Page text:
When it comes to medical facilities for many of us any one facility is pretty much like the others. For those of us who do not work in the profession the white corridors and people in blue scrubs all seem to merge into one endless health care entity. So, before we can talk about the layoffs to a specific medical facility we have to put those cuts into some kind of a context.
Take, for example, the case of the California Pacific Medial Center, which is getting ready to make job cuts in the name of the bottom line. The facility describes itself as, “California Pacific Medical Center is one of the largest private, not-for-profit, academic medical centers in California and is a Sutter Health affiliate. As a tertiary referral center, the Medical Center provides a wide variety of services, including acute, post-acute and outpatient hospital care; home care and hospice services; preventive and complementary care and health education.”
The facility is hoping to do that without the help of 120 workers. The company is getting rid of 120 workers who were hired on for a special project the city and the facility were set up to take on as a joint venture. The plans, for a new medical facility in the city, required some sizable investment on the part of the hospital. For those of you who are not familiar with the project here is a look at last year’s release about the building project, “In an unprecedented commitment, California Pacific Medical Center – part of the Sutter Health network – today offered a Community Benefit Plan worth $1.1 billion to provide health care services to the poor and uninsured, in addition to building two new, earthquake-safe hospitals and creating a Citywide network of care in San Francisco…. The pledge of more than one billion dollars comes on top of CPMC’s $1.9 billion in costs to build a new hospital at Van Ness and Geary, and to rebuild the hospital at its St. Luke’s campus. This brings CPMC’s commitment to $3 billion dollars in new facilities and services in San Francisco, all of which will be borne by the medical center, Sutter Health, and private donations with no cost to taxpayers.”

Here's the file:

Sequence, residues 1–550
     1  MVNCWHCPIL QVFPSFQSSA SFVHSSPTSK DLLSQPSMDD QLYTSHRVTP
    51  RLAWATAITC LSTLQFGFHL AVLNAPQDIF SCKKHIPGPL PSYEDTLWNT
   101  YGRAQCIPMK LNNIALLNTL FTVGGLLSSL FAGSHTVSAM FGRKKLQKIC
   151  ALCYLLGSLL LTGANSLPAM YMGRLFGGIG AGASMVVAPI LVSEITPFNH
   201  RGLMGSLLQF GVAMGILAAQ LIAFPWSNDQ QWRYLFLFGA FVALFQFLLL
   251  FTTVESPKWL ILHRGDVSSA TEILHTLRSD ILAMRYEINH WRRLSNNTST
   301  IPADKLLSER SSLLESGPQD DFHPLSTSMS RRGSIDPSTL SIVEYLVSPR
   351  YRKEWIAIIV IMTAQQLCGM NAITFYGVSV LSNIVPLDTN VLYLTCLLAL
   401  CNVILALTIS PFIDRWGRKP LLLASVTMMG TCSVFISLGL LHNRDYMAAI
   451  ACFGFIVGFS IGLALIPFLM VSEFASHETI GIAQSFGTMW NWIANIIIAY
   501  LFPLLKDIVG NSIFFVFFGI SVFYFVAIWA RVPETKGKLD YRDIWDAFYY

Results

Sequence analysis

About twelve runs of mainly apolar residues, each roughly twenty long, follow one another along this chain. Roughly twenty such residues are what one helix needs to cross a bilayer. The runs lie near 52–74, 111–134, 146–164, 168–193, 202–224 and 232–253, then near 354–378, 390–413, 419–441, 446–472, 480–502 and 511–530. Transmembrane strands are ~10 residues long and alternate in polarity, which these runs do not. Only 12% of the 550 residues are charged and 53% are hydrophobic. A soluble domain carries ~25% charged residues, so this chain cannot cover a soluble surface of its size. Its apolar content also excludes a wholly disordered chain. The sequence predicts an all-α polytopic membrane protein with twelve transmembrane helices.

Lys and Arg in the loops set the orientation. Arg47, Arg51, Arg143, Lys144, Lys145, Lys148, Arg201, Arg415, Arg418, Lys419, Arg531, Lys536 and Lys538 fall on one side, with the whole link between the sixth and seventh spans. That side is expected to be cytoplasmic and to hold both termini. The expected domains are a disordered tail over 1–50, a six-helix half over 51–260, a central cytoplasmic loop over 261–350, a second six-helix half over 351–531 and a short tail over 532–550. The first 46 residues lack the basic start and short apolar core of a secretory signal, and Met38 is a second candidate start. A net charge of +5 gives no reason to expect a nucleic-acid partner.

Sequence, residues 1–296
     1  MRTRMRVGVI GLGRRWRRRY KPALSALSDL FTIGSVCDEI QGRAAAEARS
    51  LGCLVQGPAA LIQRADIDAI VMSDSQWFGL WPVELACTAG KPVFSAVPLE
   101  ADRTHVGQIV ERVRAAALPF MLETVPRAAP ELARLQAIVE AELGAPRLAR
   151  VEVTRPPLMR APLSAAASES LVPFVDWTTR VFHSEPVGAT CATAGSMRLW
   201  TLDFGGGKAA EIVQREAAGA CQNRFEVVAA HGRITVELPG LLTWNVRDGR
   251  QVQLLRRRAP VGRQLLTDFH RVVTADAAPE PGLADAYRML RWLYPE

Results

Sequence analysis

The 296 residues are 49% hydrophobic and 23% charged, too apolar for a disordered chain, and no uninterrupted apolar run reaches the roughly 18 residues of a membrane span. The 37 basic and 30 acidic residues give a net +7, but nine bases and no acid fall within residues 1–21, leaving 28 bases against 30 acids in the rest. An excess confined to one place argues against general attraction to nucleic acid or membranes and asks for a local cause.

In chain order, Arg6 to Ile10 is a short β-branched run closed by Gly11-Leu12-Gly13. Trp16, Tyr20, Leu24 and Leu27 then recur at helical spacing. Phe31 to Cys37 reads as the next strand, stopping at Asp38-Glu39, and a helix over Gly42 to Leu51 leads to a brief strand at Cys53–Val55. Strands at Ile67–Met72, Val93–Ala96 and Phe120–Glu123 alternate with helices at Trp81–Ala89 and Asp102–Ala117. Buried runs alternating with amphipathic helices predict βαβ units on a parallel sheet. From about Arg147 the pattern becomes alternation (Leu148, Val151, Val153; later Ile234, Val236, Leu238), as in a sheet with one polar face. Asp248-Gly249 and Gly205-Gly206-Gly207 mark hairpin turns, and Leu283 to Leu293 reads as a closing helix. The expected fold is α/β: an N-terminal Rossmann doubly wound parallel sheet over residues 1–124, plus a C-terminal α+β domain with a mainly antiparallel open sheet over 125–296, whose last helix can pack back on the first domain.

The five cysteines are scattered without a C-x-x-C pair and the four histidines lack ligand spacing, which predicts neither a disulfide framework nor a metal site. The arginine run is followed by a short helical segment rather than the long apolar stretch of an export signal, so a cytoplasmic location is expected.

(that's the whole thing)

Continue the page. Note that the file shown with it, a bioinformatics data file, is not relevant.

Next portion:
As there have been issues with the budget, and the fact that the city has put the brakes on the approval process for the time being, the company is cutting back on the myriad of consultants that they have hired on for the project, in order to not waste money while they wait for the approval. The loss of 120 jobs however is still enough to qualify as mass layoff action under the current federal guidelines.
For those of you who are not familiar with the idea of a mass layoff action here is a look at how the federal government defines the term, “The Mass Layoff Statistics (MLS) program collects reports on mass layoff actions that result in workers being separated from their jobs. Monthly mass layoff numbers are from establishments which have at least 50 initial claims for unemployment insurance (UI) filed against them during a 5-week period. Extended mass layoff numbers (issued quarterly) are from a subset of such establishments—where private sector nonfarm employers indicate that 50 or more workers were separated from their jobs for at least 31 days.”
For now the company has said nothing about potential re-hiring’s when the project gets started again.California Pacific Medial Center Cuts 120 Jobs by Harrison Barnes